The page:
Functional magnetic resonance imaging in brain research

The use of fMRI allows neuroscientists the spatial representation of brain activity in high spatial resolution. For research purposes, images of the brain in an idle state and that of a brain in a stimulated state are compared. The stimulus is often linked to a task that is repeatedly presented to the subjects. Through fMRI recordings, it is possible to visualize the areas of the brain that are important for the processing tasks. The detection of metabolically active regions of the brain enables the assignment and localization of cognitive functions and processes in the brain, for example those areas that are important for certain services such as speech or motor skills. In addition to gaining neurophysiologic information, this knowledge is also of significant importance for the medical practice. Caution must be practiced when brain tumors are removed since it is essential not to damage the area of the brain responsible for language. Neurology and Neuropsychology will also benefit from the use of fMRI. In comparison to healthy people, those who suffer from mental disorders such as depression, anxiety or obsessive-compulsive disorders, show significant differences in brain metabolism. An fMRI can identify the affected regions of the brain.

Magnetic resonance imaging on primates

A rhesus monkey in the outdoor enclosure of the DPZ. Photo: Anton Säckl
A rhesus monkey in the outdoor enclosure of the DPZ. Photo: Anton Säckl

The MRI measurements at the DPZ are primarily performed with rhesus monkeys. The focus is the research of the cognitive abilities of the brains of primates. In order to be able to obtain high-resolution images and the mapping of certain regions of the brain, the animals are usually anaesthetized (MRI). However, for the visual representation of certain brain activities, it is important that the animals are awake (functional MRI). Rhesus monkeys who participate in neuroscientific experiments in the MRI are trained for several months in advance. During this time, they slowly are acclimatized to the surroundings and the loud noises inside the MRI scanner. To locate the areas of the brain that are important for certain cognitive abilities, the animals must also solve certain tasks during the MRI measurements. The monkeys were presented symbols at regular intervals on a touch screen where they had to detect and press in a specified way. The brain activity is measured while they solve the tasks.

Possibilities and limitations of functional magnetic resonance imaging in brain research

Illustration of an electrophysiological measurement of nerve cells. Here, a comparison of the size of a microelectrode implanted in the brain of a rhesus monkey to that of a human hair. Image: Klaus Lamberty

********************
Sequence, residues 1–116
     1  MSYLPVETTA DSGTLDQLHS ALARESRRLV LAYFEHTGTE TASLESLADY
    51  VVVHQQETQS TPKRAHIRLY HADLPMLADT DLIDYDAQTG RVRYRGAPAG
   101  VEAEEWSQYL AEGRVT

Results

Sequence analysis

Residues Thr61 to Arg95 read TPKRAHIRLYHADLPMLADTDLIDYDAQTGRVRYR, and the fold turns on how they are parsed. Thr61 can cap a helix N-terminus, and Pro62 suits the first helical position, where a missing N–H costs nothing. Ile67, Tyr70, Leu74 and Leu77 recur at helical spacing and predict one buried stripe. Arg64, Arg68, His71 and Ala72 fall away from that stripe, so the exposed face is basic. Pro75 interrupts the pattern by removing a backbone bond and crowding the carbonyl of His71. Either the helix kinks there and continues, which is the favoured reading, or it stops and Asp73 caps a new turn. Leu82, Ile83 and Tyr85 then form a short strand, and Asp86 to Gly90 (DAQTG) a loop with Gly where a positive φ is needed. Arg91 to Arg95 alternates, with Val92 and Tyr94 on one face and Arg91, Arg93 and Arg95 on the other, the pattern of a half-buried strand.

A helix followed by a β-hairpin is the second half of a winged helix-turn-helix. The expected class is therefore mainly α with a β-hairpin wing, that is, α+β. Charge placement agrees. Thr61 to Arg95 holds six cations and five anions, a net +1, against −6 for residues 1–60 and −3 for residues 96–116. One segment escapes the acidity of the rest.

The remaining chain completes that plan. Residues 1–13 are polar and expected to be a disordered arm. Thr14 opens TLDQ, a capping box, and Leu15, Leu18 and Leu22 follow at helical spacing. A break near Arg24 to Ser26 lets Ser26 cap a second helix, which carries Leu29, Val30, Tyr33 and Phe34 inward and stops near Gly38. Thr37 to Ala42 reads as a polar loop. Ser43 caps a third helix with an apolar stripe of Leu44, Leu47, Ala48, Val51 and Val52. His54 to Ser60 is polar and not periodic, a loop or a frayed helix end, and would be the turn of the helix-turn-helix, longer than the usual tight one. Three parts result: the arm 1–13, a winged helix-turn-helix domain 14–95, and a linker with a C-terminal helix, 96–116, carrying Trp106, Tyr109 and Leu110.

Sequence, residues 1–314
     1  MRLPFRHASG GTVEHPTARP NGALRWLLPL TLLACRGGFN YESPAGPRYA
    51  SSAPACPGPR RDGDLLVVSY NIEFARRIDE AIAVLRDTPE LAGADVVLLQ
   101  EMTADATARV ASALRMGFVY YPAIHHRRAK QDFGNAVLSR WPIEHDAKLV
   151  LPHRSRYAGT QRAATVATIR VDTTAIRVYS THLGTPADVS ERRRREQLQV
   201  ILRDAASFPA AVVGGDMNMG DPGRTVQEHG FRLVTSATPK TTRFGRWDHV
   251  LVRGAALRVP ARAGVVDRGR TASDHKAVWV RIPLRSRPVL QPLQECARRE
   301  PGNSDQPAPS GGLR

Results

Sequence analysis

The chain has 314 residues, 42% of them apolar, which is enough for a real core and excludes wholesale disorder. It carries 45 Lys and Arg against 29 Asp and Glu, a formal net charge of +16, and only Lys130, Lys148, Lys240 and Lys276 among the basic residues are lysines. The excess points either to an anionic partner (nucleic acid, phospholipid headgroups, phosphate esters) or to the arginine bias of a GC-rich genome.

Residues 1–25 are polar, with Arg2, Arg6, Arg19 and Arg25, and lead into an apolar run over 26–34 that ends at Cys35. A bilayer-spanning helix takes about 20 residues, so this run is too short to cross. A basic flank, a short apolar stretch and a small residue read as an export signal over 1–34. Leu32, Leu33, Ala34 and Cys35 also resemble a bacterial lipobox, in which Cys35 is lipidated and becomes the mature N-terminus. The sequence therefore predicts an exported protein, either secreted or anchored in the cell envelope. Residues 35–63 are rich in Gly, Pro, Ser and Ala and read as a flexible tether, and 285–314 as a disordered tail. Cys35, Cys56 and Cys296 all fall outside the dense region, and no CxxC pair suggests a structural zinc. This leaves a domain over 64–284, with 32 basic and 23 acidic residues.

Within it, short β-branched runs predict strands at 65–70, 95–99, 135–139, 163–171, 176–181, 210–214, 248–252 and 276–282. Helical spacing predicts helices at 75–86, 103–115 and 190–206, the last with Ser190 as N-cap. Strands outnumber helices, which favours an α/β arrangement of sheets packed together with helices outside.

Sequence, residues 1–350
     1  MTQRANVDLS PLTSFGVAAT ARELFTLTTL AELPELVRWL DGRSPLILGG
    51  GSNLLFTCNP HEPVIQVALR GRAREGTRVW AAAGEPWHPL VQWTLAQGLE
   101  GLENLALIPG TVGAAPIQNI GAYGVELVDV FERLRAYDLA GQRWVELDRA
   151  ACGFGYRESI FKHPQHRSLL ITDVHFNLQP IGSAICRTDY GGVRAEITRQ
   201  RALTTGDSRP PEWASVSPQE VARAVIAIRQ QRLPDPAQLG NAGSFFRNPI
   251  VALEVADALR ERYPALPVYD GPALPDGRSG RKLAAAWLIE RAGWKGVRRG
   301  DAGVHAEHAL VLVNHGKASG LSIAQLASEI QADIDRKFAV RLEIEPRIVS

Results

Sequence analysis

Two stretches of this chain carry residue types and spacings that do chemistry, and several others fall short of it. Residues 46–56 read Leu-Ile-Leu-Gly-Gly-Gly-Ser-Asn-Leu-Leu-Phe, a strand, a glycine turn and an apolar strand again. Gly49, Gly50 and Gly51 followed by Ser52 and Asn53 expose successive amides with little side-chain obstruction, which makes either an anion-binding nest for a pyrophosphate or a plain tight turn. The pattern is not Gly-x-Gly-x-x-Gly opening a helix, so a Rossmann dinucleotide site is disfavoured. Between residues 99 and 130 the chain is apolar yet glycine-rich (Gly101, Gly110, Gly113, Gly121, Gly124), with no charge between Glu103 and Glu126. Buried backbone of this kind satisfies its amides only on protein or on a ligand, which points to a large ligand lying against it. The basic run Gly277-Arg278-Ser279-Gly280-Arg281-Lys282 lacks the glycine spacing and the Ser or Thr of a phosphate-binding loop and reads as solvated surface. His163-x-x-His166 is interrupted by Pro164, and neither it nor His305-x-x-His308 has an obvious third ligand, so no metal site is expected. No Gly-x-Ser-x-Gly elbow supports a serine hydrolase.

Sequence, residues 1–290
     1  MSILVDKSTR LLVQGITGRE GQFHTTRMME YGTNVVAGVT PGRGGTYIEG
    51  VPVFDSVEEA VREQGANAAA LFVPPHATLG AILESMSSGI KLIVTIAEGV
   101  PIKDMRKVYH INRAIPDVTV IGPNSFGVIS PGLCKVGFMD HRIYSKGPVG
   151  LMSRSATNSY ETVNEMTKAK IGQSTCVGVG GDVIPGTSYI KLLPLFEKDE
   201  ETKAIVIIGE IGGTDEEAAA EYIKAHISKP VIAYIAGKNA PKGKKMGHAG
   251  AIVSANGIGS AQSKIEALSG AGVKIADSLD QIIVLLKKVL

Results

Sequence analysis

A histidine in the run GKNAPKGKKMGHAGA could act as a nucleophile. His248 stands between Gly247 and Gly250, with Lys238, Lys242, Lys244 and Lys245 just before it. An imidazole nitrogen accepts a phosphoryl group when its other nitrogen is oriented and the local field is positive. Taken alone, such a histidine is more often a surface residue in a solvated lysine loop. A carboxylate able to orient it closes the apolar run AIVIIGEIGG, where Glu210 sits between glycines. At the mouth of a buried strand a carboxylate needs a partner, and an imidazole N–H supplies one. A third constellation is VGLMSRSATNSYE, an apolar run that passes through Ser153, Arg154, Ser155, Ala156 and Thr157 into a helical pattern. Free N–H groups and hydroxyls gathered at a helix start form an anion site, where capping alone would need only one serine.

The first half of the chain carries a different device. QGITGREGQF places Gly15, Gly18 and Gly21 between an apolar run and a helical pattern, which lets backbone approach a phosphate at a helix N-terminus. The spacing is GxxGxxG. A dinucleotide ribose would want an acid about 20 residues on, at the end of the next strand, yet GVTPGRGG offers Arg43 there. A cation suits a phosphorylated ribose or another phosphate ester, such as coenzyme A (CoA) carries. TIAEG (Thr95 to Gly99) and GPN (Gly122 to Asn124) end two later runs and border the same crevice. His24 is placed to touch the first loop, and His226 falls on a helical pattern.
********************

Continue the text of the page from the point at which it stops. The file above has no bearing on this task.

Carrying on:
Illustration of an electrophysiological measurement of nerve cells. Here, a comparison of the size of a microelectrode implanted in the brain of a rhesus monkey to that of a human hair. Image: Klaus Lamberty

The advantages of the implementation of functional magnetic resonance imaging in brain research are clearly justified in its non-invasiveness. In addition, the body is not burdened by harmful radiation or radioactivity. The high-contrast imaging allows the high resolution and spatial representation of interconnected brain areas that are involved in specific cognitive processes. One of the disadvantages of the fMRI is the fact that only “substitute signals” can be measured in the brain. Instead of specific nerve cell activity, perfusion changes are only obtained in specific brain regions. In addition, by using this method no signals of individual nerve cells can be derived. It merely serves as the capturing of neural mass activity. In order to draw conclusions on the functions of individual neurons, invasive electrophysiological methods such as single-cell recordings are indispensable. Nerve cells communicate via changes in ion fluxes that can be recorded directly as electrical impulses to the cell. The microelectrodes are inserted into the extracellular space and the signals of individual and adjacent cells are measured. Nerve cell areas can be located with accuracy and specific processes, which involve neurons, can be identified. This direct access is not possible with fMRI. However, a major drawback of single-cell recordings is its invasive character. It is much more complex than fMRI and more difficult to replicate. In addition, very little can be said about the dynamics of the neural network. In order to explore the brain in all its complexity and performance, different methods of approach must be combined. Therefore, the functional magnetic resonance imaging is not a complete replacement for invasive testing methods such as single-cell recordings, but this can be a useful addition

Further information to this topic

Functional Imaging Laboratory

Cognitive Neuroscience Laboratory

Decision and Awareness Group

Research Group Neurobiology

MRI scans

MRI scan of the brain of a rhesus monkey

Frontal MRI scan of the brain of a rhesus monkey (coronal plane). Video: Prof. Dr. Jens Frahm, Biomedizinische NMR Forschungs GmbH, Göttingen

Real time MRI of a beating heart

Real time MRI of a beating heart. Video: Prof. Dr. Jens Frahm, Biomedizinische Forschungs GmbH, Göttingen

fMRI scan of a brain

Horizontal functional MRI scan of a brain (transverse plane). The colored areas indicate increased brain activity, visualized through the BOLD effect. Video: Prof. Dr. Jens Frahm, Biomedizinische NMR Forschung GmbH, Göttingen